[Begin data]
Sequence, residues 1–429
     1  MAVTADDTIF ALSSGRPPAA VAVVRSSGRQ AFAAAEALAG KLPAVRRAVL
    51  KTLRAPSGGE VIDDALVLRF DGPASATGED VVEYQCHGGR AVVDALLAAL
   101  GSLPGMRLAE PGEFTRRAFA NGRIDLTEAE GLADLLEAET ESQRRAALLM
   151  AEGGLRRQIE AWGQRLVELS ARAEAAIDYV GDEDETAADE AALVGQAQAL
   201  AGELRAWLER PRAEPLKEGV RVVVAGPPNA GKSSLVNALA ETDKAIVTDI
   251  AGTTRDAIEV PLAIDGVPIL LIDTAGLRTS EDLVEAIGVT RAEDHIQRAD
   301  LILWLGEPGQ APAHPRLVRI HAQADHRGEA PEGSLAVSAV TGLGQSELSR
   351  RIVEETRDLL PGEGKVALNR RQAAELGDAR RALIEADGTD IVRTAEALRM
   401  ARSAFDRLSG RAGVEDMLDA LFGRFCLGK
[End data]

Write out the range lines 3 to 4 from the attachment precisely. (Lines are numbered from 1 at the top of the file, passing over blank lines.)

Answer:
    51  KTLRAPSGGE VIDDALVLRF DGPASATGED VVEYQCHGGR AVVDALLAAL
   101  GSLPGMRLAE PGEFTRRAFA NGRIDLTEAE GLADLLEAET ESQRRAALLM